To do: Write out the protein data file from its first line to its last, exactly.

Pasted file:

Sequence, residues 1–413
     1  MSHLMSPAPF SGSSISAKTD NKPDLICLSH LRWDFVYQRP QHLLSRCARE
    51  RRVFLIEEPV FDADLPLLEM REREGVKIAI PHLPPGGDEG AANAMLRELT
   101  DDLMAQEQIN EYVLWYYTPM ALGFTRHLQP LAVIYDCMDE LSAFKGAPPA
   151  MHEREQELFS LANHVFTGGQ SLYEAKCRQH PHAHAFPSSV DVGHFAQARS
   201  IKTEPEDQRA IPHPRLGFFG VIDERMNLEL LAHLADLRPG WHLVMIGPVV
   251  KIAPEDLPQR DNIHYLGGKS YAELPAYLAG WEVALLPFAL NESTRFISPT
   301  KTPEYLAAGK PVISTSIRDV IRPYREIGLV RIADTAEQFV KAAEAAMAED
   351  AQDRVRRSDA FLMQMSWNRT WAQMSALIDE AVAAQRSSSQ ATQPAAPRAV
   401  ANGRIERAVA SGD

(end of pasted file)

Sequence, residues 1–413
     1  MSHLMSPAPF SGSSISAKTD NKPDLICLSH LRWDFVYQRP QHLLSRCARE
    51  RRVFLIEEPV FDADLPLLEM REREGVKIAI PHLPPGGDEG AANAMLRELT
   101  DDLMAQEQIN EYVLWYYTPM ALGFTRHLQP LAVIYDCMDE LSAFKGAPPA
   151  MHEREQELFS LANHVFTGGQ SLYEAKCRQH PHAHAFPSSV DVGHFAQARS
   201  IKTEPEDQRA IPHPRLGFFG VIDERMNLEL LAHLADLRPG WHLVMIGPVV
   251  KIAPEDLPQR DNIHYLGGKS YAELPAYLAG WEVALLPFAL NESTRFISPT
   301  KTPEYLAAGK PVISTSIRDV IRPYREIGLV RIADTAEQFV KAAEAAMAED
   351  AQDRVRRSDA FLMQMSWNRT WAQMSALIDE AVAAQRSSSQ ATQPAAPRAV
   401  ANGRIERAVA SGD